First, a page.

Why is the consumer side even important to Square? As I explained in a recent feature that explored the company’s acquisition and IPO hopes as well as challenges, if Square is ever going to live up to its $5 billion valuation, it needs to diversify its revenue streams so it doesn’t depend solely on regular payments fees and the unimpressive profit margins that come with them. One big reason why diversification is important is that small businesses don’t have a problem moving to the payments provider that pitches the lowest fees, unless that payments company also provides other value.
Square thinks the order-ahead feature will be one way to provide additional value for its merchants.
That said, the company raised some eyebrows a few weeks back when it said it would charge businesses eight percent for these order-ahead transactions, rather than the 2.75 percent flat rate for most credit card purchases that run through Square’s platform. The reasoning, it said, was that the feature would help bring in new customers.
But critics countered that it seemed more likely that the capability would be used initially by a shop’s existing customers, which would mean Square was taking a larger than normal cut of purchases made by customers who were going to buy something from a given store anyway.
Varma admits that the Order app may initially appeal most to a shop’s current customers. That said, early results from a beta test show that these customers begin ordering more frequently than they previously did.
Over time, though, Square’s goal is indeed to drive new customers into businesses that use Order. How? Square is going to run advertising on behalf of businesses listed in the Square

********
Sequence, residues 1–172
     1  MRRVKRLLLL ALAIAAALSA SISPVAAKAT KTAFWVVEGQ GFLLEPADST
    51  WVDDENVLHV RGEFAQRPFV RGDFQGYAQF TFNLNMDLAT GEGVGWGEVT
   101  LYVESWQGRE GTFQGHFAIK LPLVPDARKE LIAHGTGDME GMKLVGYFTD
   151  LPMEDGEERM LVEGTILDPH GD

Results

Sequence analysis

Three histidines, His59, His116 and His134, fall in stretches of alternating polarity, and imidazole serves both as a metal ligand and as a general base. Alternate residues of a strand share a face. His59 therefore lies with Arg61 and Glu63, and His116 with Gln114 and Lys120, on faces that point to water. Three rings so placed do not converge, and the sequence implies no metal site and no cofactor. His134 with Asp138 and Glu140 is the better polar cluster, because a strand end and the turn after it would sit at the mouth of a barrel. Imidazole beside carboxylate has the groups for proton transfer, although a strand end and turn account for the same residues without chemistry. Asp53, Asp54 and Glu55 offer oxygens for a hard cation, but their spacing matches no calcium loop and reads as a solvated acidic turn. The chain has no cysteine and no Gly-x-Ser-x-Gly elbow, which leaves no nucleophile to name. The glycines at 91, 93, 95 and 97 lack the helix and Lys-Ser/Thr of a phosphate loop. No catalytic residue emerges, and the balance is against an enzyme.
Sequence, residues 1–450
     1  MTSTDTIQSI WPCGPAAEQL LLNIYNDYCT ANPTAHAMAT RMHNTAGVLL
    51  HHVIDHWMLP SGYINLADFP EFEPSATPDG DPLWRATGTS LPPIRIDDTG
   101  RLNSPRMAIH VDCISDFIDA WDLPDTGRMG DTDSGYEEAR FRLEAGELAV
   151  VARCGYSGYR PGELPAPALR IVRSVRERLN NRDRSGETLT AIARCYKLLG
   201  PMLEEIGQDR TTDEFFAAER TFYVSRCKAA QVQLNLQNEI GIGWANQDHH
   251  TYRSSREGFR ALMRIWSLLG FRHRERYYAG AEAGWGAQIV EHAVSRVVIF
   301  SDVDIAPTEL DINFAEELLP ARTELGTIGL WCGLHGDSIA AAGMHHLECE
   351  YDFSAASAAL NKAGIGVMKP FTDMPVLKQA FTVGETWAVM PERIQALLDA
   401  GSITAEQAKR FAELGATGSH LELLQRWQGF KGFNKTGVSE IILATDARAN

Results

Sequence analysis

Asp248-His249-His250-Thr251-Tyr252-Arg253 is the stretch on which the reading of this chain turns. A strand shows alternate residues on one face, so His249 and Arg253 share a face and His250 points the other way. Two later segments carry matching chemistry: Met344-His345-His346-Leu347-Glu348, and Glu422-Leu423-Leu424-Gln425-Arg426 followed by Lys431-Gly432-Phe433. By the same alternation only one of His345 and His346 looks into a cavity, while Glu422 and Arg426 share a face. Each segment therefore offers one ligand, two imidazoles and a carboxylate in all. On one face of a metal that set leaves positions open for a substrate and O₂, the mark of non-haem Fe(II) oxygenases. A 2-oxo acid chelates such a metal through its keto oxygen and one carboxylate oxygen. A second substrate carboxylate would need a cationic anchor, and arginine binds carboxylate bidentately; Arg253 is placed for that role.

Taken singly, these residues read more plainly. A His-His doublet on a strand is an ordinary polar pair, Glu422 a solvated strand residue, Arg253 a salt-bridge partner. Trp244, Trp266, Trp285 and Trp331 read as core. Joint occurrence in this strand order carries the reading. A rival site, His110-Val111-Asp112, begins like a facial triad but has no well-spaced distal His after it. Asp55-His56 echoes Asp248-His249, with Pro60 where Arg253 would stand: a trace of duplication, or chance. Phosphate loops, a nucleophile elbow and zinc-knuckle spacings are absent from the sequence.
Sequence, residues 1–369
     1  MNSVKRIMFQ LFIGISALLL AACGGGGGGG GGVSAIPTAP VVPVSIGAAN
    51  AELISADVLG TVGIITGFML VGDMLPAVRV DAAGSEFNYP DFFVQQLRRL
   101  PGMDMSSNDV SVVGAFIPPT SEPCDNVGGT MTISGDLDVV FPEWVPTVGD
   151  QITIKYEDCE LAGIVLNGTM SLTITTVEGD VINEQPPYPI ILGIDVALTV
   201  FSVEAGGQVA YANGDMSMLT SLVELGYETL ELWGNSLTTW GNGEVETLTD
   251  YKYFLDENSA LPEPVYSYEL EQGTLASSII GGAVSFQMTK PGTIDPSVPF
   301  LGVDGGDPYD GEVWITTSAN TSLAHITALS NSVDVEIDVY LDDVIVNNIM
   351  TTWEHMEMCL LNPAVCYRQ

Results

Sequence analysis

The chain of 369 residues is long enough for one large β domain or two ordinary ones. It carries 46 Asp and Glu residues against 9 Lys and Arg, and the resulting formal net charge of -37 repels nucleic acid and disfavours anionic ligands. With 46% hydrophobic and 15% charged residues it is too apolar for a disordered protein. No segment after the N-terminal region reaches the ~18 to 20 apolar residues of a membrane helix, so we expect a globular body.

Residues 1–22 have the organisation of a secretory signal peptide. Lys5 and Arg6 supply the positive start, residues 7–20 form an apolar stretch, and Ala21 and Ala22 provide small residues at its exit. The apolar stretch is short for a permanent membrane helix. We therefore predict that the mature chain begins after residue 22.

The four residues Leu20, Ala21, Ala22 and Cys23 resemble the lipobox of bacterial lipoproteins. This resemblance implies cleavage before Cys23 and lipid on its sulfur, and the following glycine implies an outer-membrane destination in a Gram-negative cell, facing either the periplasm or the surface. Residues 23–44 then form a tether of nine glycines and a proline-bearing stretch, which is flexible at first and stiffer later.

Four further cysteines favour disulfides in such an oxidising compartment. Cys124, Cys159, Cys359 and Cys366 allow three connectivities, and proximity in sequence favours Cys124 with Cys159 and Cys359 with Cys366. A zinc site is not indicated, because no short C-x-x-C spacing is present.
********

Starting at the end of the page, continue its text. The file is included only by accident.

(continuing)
Wallet Order app, include them in loyalty programs and fund discounts to get new shoppers in the door, Varma said.
In the long run, “it is all about new customers,” Varma said. “That is the focus.”
He would not provide more details about these future initiatives, but said they would help make Order a cheaper customer acquisition tool than those offered by food-delivery services such as GrubHub and deals companies such as Groupon.
That reality is, for now, a way in the future. The Order app currently lists only about a dozen and a half businesses in New York City and a few more than that in San Francisco. Varma said new merchants will be added to the service each day and the service will eventually move to other cities.
The app itself is designed well. Menu items are easy to find and each store lists the approximate wait for an order. Orders take just a few clicks to order after uploading your credit card information the first time. After doing so, the app sends a push notification to confirm when the food or beverage will be ready and another when it is available for pickup.
Over time, if a customer turns to the app repeatedly to place an order from the same shop, Square will start to make it easier to do that in just a few seconds.
“One of the things we’re most excited about … is making almost a personal assistant for you,” Varma said. “We’ll know what you want, not only that you like coffee but coffee with almond milk. And we’ll make that one click away for you to order.”